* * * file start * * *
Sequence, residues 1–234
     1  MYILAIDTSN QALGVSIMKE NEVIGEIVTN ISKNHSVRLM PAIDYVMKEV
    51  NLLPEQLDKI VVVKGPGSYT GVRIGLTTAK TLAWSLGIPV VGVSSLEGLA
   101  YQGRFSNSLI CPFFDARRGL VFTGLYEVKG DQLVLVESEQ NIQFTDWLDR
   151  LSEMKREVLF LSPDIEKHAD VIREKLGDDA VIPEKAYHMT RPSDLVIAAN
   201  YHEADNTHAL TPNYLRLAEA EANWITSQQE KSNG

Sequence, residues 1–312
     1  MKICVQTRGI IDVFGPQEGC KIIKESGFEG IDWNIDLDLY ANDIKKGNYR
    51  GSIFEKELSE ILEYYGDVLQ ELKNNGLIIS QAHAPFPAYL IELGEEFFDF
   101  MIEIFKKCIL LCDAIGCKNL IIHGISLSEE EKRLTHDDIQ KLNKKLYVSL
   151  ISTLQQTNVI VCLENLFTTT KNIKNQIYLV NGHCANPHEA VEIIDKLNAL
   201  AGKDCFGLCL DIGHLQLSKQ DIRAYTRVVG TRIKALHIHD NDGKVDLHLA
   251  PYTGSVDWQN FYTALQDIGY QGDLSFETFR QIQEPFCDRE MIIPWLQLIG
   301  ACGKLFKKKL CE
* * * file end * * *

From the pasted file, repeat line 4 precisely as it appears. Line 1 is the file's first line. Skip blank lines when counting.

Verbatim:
   101  YQGRFSNSLI CPFFDARRGL VFTGLYEVKG DQLVLVESEQ NIQFTDWLDR